Motivational and inspirational writer, Bryan Hutchinson is the author of several books about life with ADHD including the highly acclaimed, best selling "One Boy′s Struggle: A Memoir" and the author of the hilarious eBook that went viral "10 Things I Hate about ADHD"

Positive Thinking part5 post1

© Bryan L. Hutchinson
Positive Thinking part5 post1:        
I got lucky

I suppose by now you might be a bit curious as to how I got lucky after all. Well, as I mentioned before, we Adders attract attention.

As it so happened, a few years ago someone took notice of me with concern. This person could tell I had tons of potential, but that I wasn’t really living up to my true capability. When this person first approached me I really did not pay him too much attention. After all, I have been told all of my life that I am extraordinarily talented, that I have an abundant amount of potential and that I could do great things… if I wanted to.

After a while an Adder gets tired of hearing about how great he or she could be. How many times do we need to be told to get our act together or quit being lazy? Talk about broken records! I learned to just nod my head and ignore such talk, so when this person first approached me and told me what he sees in me, as far as potential, I barely even listened to him. Can you blame me? Every Adder reading this knows what I am talking about.

Friends and relatives can be persistent when it comes to their suggestions, advice and criticism. We Adders learn to tune out such talk and find our own way of doing things and succeeding, but the road of ‘trial and error’ is a long road and sometimes too much time passes for the lessons learned to be useful. When this happens depression and low self-esteem have the opportunity to take over and rule our lives.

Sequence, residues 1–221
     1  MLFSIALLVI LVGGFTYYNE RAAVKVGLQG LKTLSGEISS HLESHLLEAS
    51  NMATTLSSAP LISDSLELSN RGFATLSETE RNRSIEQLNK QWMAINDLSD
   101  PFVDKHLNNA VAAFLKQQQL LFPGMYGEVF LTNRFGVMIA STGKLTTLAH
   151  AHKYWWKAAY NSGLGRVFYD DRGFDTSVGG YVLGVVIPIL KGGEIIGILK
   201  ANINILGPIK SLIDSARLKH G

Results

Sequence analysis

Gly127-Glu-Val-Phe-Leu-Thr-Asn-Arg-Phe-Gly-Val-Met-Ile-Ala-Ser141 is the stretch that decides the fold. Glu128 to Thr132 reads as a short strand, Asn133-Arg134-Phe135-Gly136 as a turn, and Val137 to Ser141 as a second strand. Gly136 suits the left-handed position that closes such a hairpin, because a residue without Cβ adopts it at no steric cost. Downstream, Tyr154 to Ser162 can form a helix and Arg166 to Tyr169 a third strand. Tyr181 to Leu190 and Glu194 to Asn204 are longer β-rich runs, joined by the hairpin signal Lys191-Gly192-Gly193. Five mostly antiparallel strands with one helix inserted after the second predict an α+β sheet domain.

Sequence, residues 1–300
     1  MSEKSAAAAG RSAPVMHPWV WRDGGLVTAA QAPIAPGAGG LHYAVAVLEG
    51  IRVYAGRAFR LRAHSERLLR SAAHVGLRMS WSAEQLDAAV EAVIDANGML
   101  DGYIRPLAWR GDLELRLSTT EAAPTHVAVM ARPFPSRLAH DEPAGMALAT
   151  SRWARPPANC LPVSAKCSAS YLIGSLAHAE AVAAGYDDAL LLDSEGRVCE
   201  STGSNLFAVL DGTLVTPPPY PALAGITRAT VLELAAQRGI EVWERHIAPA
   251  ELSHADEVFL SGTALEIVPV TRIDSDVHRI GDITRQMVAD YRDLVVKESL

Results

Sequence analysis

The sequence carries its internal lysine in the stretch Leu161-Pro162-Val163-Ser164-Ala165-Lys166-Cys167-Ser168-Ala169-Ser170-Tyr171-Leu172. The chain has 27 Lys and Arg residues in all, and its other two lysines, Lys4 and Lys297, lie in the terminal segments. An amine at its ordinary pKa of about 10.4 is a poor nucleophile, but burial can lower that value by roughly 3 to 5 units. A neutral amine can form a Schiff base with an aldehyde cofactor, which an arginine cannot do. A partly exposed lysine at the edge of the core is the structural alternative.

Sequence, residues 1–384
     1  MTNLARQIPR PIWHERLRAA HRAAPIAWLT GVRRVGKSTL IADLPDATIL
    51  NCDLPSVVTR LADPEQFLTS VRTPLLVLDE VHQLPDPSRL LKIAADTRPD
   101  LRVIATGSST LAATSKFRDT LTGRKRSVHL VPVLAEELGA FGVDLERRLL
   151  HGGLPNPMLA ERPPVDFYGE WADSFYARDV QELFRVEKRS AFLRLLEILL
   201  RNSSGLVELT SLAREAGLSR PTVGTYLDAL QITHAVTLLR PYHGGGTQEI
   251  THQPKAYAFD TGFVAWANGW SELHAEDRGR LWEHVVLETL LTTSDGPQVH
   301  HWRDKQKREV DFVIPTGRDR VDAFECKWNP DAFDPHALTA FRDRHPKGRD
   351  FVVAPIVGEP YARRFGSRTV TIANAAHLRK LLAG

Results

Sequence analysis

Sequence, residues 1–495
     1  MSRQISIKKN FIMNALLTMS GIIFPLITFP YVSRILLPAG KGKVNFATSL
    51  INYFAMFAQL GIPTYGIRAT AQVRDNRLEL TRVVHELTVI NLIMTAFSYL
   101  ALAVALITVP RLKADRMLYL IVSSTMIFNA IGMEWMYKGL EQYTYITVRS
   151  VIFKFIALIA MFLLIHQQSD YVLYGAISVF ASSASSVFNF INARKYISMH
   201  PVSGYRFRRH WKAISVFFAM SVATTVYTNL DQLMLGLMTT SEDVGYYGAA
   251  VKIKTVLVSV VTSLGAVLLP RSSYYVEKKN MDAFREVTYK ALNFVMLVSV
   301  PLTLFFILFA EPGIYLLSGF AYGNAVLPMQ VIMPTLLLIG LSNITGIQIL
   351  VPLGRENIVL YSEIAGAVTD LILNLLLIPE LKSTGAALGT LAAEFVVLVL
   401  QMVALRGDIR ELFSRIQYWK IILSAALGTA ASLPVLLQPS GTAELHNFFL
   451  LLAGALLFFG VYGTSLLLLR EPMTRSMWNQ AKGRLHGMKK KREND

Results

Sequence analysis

The problem we Adders have is that we try so very hard and yet our efforts always seem to be in vain. Although we do indeed tune out those closest to us offering advice, we actually seek more and more advice to find some kind of clue to get us going, but we want to do it on our own and not be force fed what someone else thinks. Nobody really wants to be told what will work for them, especially Adders who have already tried just about everything under the sun!

One of the first steps for an Adder to become successful is to be diagnosed with ADD or ADHD. All the suggestions and advice in the world will not be completely helpful until a true diagnosis is made. Once a person knows he or she has ADD or ADHD we suddenly realize why we dislike friends and family giving us advice and we also realize that our friends and family are not the enemy. They give us advice because they care and love us! That is very, very important to remember, no matter how much we cringe when we know those familiar ‘wanting to be helpful’ words are about to be spoken.

I got lucky because someone hit a nerve and got through to me, even before I was diagnosed. It wasn’t the end all, be all—but, it was the start.

I will explain more about how I got lucky in the next part…

Bryan

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